On Thursday 17 April 2008, the European Free Alliance – European Political Party in cooperation with the Federation of Western Thrace Turks in Europe
(ABTTF), European Free Alliance – Rainbow (Macedonian minority of Greece) and the Federal Union of the European Nationalities (FUEN) will be organising an
international panel discussion in the European Parliament in Brussels on the “Ignored Minorities in Greece: Western Thrace Turks and Macedonians.”
The event will be held in Meeting Room A5G2 from 15.00 until 18.00.
Guest speakers at this event will include Hans Heinrich Hansen (Panel Chair) (President, Federal Union of European Nationalities), Halit Habipoglu
(President, Federation of Western Thrace Turks in Europe, Nelly Maes (President, European Free Alliance - European Political Party), Asst. Prof. Dr.
Halim Cavusoglu (Department of Sociology, Hacettepe University ), Pavlos Filipov Voskopoulos (Member of the Central Council of EFA-Rainbow, political
party of the Macedonian Minority in Greece), Helene Flautre MEP* (Chair, Subcommittee on Human Rights, European Parliament), Dr. Csaba Sandor Tabajdi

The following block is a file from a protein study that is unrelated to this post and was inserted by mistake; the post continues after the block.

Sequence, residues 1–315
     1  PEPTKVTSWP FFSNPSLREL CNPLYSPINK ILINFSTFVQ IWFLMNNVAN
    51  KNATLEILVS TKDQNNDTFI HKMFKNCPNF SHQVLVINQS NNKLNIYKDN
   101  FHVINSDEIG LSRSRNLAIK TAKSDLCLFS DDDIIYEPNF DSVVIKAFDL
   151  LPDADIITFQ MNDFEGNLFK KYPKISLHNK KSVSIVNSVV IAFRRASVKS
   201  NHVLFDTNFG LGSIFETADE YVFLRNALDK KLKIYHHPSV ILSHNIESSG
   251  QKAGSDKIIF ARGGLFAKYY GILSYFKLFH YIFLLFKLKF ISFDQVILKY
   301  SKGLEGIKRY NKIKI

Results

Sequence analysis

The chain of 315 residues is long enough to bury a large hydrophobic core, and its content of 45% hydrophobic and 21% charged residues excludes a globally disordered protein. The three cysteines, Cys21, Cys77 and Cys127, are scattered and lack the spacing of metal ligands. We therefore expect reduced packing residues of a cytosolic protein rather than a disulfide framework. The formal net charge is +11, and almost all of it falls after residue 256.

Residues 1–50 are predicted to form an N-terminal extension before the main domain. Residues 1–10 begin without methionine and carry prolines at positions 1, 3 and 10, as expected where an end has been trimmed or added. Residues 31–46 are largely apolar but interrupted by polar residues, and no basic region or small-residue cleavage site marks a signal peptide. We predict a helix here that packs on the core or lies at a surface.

MEP* (Chair, Intergroup for Traditional National Minorities, Constitutional Regions and Regional Languages), Boriss Cilevics (Member of the PACE,
Chair, Sub-Committee on Rights of Minorities) Panayote Dimitras (Spokesperson, Greek Helsinki Monitor) and Mikel Irujo Amezaga MEP (Greens/EFA
Background information on the Turkish and Macedonian minorities of Greece
The Greek state systematically discriminates against the Turkish minority and denies the ethnic identity of the minority, which whether acquired by birth or
through acculturation, is Turkish. Greece prefers to use the term “Muslim minority”, a concept based on the Lausanne Peace Treaty and on the rejection of a
“Turkish” identity. Greece’s refusal to accept the minority’s Turkish identity has ranged from banning civic organisations bearing the adjective “Turkish” in
their titles – as in the case of “Turkish Union of Xanthi”- to prosecuting individuals who publicly identified the minority as “Turkish”.
The Macedonian minority of Greece is concentrated in the northern part of the country. Although the Macedonian language is spoken by a large number of persons,
it is in danger of becoming extinct as it does not enjoy official state recognition and therefore is not taught in the education system. Furthermore, Macedonian
speakers and indeed persons expressing a Macedonian ethnic identity have been persecuted by Greek authorities. Greek courts on multiple occasions since 1989 have
refused to register the cultural association “Home of Macedonian Culture”.
* speaker to be confirmed